Dr Da-Costa Aboagye, Chief Executive of NHIA, addressing the workshop for the media in Kumasi
Dr Da-Costa Aboagye, Chief Executive of NHIA, addressing the workshop for the media in Kumasi

3 Million children above 5 to receive Ghana Cards - NHIA picks up cost

Effective this month, children aged between six and 14 years will be issued Ghana Cards for free.


The National Health Insurance Authority (NHIA) has absorbed the cost of the issuance of the cards for an estimated three million children in the country to enable them to link up with the National Health Insurance Scheme (NHIS) to access primary health care.

Consequently, the NHIA will pay GH¢245 million to the National Identification Authority (NIA) to provide the Ghana Cards to children in that age bracket. The Chief Executive Officer (CEO) of the NHIA, Dr Da-Costa Aboagye, who disclosed this at a workshop for journalists and other stakeholders in Kumasi last Saturday, said the intervention formed part of measures by the authority to ensure universal health coverage (UHC) for all.

Currently, those between the ages of zero and five years are expected to be issued with the Ghana Card at birth. Members on the NHIS from 15 years and above are already being issued with the Ghana Card, enabling the NHIA to link their NHIS cards to it.

Nearly 900,000 out of the one million active SSNIT contributors on the NHIS have also been linked to their Ghana Cards, again allowing the NHIA to use the Ghana Card to authenticate their identity.

The records of an additional 1.3 million SSNIT contributors not enrolled on the scheme are going through the necessary data cleaning with the Ghana Card database.

Improving membership

Dr Aboagye pointed out that the provision of the Ghana Card to children below 15 years would help improve membership data through the linkage to the NIA database. Besides, it would enhance the membership integrity of the NHIS and save the cost of procuring biometric cards for them, the NHIA CEO said.

The NHIS cards cost between $4 and $6, while the Ghana Card costs between $6 and $7. The NHIA believes it is not financially prudent to have two cards printed for the same person at that cost when they could easily link both databases.

The NHIA Board, therefore, decided to hand over the printing of cards to the NIA to provide NHIS subscribers with the Ghana Card, which would be linked with the NHIS subscriber numbers to ensure that only the national identification card would be used to access primary health care offered under the NHIS.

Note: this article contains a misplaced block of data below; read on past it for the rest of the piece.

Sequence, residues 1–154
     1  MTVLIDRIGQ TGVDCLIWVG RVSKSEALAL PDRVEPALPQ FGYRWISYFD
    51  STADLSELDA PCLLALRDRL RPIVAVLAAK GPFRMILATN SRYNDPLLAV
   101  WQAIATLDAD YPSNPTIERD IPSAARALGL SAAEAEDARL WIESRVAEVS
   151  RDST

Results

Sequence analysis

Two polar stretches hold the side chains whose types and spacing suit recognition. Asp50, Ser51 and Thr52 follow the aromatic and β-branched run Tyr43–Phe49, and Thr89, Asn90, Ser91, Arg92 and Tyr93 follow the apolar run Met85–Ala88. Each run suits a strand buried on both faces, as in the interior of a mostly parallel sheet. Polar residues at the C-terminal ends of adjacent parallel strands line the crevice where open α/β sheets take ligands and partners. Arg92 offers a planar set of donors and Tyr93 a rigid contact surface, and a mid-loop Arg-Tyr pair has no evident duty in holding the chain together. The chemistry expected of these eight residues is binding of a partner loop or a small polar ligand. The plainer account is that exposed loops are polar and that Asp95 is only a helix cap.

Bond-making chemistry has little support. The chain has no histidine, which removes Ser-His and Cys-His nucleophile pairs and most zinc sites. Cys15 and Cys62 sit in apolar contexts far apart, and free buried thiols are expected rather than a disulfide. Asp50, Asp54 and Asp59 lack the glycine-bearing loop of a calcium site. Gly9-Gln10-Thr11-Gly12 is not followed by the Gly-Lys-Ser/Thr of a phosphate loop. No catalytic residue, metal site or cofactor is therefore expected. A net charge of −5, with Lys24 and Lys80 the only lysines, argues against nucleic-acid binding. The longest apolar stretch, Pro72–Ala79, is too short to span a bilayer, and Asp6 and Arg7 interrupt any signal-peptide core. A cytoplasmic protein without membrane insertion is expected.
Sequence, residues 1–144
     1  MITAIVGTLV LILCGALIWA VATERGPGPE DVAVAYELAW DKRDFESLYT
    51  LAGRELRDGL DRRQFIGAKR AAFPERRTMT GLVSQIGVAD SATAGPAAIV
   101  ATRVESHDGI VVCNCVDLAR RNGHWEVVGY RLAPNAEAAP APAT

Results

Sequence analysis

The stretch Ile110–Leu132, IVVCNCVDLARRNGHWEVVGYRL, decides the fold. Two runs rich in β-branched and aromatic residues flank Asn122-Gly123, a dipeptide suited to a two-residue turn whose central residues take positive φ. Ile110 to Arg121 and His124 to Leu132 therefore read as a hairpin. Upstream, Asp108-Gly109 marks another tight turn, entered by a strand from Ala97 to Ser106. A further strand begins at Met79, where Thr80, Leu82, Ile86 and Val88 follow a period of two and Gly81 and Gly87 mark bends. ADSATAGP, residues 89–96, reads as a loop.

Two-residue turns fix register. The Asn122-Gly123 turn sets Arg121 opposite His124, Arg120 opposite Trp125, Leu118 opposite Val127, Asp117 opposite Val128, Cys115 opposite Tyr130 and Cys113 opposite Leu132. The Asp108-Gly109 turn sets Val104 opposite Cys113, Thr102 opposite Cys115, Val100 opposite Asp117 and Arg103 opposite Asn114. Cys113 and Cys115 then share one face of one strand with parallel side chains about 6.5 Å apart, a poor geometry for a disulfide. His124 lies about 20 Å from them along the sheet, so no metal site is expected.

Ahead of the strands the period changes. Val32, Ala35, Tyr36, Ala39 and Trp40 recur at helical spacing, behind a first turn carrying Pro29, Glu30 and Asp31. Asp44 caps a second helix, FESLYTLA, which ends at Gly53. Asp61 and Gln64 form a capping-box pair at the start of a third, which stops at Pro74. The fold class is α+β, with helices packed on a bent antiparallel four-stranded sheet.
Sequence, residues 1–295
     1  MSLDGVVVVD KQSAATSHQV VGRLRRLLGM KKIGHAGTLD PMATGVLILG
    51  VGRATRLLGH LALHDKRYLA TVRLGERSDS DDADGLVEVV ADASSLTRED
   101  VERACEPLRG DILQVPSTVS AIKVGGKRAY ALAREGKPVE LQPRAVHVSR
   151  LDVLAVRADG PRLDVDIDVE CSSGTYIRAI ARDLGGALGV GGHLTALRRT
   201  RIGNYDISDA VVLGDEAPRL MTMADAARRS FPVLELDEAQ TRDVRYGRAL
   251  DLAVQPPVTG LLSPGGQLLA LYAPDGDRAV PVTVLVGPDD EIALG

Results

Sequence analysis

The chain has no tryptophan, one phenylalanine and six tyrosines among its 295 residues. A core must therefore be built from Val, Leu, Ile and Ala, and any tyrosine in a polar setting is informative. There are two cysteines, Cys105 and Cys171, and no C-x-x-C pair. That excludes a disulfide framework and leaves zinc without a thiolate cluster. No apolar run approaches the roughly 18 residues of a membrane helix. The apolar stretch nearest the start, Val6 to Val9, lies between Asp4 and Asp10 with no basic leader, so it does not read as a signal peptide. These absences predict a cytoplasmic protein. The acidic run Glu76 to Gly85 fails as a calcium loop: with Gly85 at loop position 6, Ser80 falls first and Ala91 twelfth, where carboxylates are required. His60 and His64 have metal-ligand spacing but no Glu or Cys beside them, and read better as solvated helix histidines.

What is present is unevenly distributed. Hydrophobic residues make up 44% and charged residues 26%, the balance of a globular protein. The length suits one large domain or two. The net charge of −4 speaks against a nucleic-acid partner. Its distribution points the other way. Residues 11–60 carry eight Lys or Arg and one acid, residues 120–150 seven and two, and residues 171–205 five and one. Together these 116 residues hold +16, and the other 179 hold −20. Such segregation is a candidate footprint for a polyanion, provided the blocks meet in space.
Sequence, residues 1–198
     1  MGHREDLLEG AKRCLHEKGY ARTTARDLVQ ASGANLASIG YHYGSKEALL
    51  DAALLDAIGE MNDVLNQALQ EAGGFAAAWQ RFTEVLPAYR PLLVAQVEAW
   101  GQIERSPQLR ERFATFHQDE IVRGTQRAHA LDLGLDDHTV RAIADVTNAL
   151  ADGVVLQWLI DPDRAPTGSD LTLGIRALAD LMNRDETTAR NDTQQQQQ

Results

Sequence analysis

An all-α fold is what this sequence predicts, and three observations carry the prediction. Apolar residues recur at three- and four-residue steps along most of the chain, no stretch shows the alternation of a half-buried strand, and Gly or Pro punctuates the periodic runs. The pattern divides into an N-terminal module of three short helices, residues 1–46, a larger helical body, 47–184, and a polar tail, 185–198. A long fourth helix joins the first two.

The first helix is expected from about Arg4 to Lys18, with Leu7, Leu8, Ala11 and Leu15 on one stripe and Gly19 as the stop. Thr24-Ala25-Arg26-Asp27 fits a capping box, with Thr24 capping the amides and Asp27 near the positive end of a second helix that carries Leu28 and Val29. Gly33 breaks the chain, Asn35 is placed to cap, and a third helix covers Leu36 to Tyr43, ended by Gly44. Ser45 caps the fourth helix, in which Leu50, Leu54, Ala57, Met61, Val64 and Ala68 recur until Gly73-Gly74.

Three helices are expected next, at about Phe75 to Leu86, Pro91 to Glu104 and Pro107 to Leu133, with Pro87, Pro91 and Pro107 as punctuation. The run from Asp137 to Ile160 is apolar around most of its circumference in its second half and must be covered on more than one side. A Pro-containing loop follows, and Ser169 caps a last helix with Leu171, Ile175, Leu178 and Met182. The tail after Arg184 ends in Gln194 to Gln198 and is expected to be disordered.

Preventive health care

Meanwhile, the NHIA boss said there was a proposal to introduce preventive healthcare programmes to help the nation attain objectives under the UHC by 2030. Expected to be rolled out this month, he said the programmes would focus on three key areas, namely hypertension, diabetes and body mass index check-ups.

Dr Aboagye added that wellness centres and clinics would be established to assist subscribers in checking their fitness and health. He explained that the authority had plans to send text messages to NHIS members annually on their birthdays to check on their health status at government hospitals in the country at the scheme’s expense. 

Non-resident Ghanaians

On the issuance of NHIS cards for non-resident Ghanaians who visited the country, Dr Aboagye said the authority was seeking the advice of the Attorney-General and Minister of Justice and subsequent approval of Cabinet to introduce it.

The Board Chairman of NHIA, Dr Ernest Quarcoo, stated that health insurance was key to national development and, therefore, called for media support to improve the scheme, particularly, for the benefit of the vulnerable in society.

The Deputy Director of Quality Assurance, NHIA, William Omane-Adjekum, said the nation saved  GH¢9.5 million from fraudulent claims last year. He said the digital platform for payments had made it possible for the NHIA to expose fraud and identity errors and abuse, saying, "We are employing Artificial Intelligence to determine outliers and trends in real time regarding insurance claims."

The Deputy Director in charge of Claims, NHIA, Theophilus Owusu-Ansah, said the authority received between GH¢20 million and GH¢30 million volumes of insurance from service providers annually.

The claims, he said, covered free maternal care, breast/cervical cancers and family planning, among other diseases. Mr Owusu-Ansah stressed that hypertension, diabetes and maternity care were the largest cost drivers of the scheme.

The Deputy Director of the Information Management System of NHIA, Joseph Annor, said 30 million Ghanaians were currently enrolled on the NHIS.
He said 17.9 million were active members.

Mr Annor added that the scheme had gone through various modes of system from the issuance of booklets to laminated cards, magnetic cards and the use of smart biometric cards currently.

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